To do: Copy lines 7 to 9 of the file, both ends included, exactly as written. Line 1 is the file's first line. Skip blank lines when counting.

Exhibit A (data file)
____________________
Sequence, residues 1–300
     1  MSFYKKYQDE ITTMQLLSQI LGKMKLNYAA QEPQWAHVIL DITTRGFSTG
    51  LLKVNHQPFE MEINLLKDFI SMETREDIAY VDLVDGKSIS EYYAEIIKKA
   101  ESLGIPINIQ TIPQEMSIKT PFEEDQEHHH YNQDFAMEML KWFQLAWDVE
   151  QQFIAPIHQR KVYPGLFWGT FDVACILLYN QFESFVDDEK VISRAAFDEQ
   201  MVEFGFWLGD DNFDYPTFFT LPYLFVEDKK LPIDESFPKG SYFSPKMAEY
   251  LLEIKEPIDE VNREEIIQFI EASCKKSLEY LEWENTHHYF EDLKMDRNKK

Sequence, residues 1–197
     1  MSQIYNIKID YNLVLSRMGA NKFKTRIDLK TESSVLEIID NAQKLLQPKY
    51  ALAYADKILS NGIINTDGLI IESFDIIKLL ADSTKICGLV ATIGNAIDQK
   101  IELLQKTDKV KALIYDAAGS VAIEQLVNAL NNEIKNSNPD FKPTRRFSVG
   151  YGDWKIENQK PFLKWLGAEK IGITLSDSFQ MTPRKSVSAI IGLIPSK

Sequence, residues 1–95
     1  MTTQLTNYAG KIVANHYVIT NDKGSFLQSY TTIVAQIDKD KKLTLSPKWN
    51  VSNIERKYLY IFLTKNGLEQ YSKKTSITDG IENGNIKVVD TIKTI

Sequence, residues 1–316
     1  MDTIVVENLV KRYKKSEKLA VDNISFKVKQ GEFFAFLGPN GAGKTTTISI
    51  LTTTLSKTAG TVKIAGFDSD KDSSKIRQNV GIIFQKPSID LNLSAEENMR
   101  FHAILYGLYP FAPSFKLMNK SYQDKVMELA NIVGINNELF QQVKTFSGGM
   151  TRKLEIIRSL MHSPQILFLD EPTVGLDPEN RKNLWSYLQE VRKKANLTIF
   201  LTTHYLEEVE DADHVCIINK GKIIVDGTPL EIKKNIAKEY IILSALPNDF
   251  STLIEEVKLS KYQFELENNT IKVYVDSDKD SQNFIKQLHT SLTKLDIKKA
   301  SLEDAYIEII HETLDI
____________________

   251  LLEIKEPIDE VNREEIIQFI EASCKKSLEY LEWENTHHYF EDLKMDRNKK

Sequence, residues 1–197
     1  MSQIYNIKID YNLVLSRMGA NKFKTRIDLK TESSVLEIID NAQKLLQPKY